But that is only the tip of the iceberg when you are discussing Pujols’ contributions to his team. There are other areas, arguably more meaningful to a team in the game of baseball, where Pujols also sets himself apart as being far more valuable than Votto or Gonzalez.

For starters, Pujols is not an all-or-nothing hitter. Some batters may swing for the fences with each at bat. Sure, they get their share of homeruns, but they also fail to have their share of quality at bats, often striking out in their quest for big hit glory.

Albert Pujols is different.

Compare his homerun and strikeout numbers to those of Votto and Gonzalez. Joey Votto has 34 homeruns and 112 strikeouts so far this season, and Carlos Gonzalez has 32 homeruns with 122 strikeouts.

Basically, Votto and Gonzalez are good for nearly four strikeouts to go with every one homerun they hit.

So where does Pujols fall? With his aforementioned league-leading 39 homeruns, Pujols has struck out only 69 times this season. That is less than two strikeouts for every homerun hit!

Now, let’s add walk totals into the mix – Once again, it is Pujols at the top with 85 walks, leaving Votto (83) and Gonzalez (33) trailing.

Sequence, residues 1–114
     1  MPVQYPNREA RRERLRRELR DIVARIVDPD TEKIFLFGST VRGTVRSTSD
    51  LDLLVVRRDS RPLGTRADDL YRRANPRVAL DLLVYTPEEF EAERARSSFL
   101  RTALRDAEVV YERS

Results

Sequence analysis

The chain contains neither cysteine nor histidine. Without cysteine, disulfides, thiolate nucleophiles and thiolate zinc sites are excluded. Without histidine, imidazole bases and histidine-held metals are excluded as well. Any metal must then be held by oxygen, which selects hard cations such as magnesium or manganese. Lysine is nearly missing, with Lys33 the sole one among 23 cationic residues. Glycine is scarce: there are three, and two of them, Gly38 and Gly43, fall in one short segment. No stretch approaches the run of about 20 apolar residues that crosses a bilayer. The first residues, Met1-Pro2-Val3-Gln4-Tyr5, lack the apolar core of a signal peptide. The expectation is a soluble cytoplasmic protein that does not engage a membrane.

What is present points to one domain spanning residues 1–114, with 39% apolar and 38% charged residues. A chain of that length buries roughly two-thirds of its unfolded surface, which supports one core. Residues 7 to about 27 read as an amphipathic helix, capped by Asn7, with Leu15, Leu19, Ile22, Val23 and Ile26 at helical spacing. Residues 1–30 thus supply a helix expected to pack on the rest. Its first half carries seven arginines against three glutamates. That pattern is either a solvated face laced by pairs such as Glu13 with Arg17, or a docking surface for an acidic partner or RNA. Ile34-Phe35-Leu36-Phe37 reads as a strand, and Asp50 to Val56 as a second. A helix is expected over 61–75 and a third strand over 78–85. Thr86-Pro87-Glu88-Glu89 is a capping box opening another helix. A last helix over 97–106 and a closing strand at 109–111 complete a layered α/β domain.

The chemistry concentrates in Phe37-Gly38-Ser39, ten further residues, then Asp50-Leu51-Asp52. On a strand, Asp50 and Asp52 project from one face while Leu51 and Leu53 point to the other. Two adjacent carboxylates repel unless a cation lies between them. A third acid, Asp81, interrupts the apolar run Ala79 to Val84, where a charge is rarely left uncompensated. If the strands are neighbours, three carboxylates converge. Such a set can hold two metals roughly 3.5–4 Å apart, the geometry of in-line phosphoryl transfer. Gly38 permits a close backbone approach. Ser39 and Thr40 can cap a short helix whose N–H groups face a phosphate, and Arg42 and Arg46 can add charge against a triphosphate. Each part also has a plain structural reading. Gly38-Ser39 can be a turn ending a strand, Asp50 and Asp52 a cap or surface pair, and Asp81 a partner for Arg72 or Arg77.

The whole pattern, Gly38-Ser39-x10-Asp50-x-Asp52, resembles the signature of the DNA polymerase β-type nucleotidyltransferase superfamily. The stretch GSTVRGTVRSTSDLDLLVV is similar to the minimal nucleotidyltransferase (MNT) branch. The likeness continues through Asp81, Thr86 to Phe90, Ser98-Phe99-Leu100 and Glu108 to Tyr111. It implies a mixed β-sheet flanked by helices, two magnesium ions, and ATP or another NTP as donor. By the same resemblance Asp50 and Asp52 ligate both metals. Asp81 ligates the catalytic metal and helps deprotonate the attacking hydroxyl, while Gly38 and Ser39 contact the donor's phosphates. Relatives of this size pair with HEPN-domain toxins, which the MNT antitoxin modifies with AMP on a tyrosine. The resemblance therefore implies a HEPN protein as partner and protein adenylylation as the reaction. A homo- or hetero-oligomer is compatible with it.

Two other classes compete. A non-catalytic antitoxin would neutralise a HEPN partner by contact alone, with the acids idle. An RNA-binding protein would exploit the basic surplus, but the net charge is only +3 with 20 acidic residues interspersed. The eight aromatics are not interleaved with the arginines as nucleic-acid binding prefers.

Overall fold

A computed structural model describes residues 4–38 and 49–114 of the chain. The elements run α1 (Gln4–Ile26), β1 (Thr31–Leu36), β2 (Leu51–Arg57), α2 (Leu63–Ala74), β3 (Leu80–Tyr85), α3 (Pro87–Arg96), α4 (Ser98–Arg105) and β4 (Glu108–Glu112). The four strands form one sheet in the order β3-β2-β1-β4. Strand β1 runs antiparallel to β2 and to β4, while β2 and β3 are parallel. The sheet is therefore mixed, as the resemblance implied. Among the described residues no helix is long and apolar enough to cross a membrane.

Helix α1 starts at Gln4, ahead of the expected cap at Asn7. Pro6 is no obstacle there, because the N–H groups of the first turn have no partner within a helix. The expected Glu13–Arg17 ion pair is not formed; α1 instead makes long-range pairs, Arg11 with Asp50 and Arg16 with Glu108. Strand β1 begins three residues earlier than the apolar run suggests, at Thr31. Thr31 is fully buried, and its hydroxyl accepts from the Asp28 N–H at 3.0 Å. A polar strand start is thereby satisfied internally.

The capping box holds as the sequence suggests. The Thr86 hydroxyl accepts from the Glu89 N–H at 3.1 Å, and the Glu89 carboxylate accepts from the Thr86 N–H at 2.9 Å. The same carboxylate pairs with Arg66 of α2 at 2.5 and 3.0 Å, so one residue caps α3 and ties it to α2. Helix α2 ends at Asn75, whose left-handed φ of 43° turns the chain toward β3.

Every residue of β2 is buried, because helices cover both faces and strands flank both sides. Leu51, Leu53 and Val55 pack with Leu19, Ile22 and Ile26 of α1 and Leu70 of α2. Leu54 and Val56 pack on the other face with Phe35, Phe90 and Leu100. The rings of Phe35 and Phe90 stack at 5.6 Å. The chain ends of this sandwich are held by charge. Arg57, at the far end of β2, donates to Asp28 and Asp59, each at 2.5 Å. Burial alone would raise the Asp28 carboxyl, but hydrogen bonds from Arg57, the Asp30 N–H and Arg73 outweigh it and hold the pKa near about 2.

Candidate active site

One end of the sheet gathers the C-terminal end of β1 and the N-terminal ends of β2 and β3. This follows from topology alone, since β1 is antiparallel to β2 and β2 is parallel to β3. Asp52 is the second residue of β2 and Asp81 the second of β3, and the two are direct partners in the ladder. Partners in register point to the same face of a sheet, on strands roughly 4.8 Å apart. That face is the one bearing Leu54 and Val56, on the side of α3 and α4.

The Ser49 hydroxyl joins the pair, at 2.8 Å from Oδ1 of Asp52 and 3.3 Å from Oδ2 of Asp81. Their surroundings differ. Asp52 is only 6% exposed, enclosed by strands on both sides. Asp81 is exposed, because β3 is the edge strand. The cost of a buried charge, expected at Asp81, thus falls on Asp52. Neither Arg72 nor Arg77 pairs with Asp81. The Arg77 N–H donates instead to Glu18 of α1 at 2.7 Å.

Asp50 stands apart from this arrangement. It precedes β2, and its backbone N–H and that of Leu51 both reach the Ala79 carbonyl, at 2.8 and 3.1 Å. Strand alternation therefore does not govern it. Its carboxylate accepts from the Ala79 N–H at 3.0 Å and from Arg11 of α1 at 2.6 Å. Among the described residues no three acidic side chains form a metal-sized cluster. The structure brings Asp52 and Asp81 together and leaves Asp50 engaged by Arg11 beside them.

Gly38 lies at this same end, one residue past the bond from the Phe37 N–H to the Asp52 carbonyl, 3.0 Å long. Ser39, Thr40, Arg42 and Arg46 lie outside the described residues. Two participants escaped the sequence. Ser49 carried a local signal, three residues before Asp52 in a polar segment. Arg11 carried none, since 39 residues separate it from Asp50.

How about extra-base hits? You guessed it. Pujols leads the NL with 74, while Gonzalez (72) and Votto (66) once more fall short of Pujols’ exceptional standard.

Oh yeah, he also happens to lead the league in runs scored with 100 so far in 2010.

All of those numbers point to one single fact – Pujols is by far the most productive hitter in baseball. He is extremely smart at the plate, and is good for considerably more QUALITY at bats than either of his two likely MVP competitors.

So allow me to sum up the 2010 National League MVP race for you:

Albert Pujols has hit for more homeruns and bases than any other batter in the National League. He has personally crossed home plate more than anyone else, and has driven more teammates across the plate than anyone else. Even when he DOESN’T hit the ball, he manages to make it on base more than just about anyone else in the league.

Contrarily, Joey Votto and Carlos Gonzalez strike out almost twice as often as Pujols, walk less, and produce much less offense.

If my team is down to their last out, and I can pick the one person I want stepping up to the plate, I am going to take Albert Pujols every single time.

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The 2010 National League MVP Debate… An MVP Run in The Mile High City

September 15, 2010

Read the opposing arguments from Bleacher Fan and Sports Geek.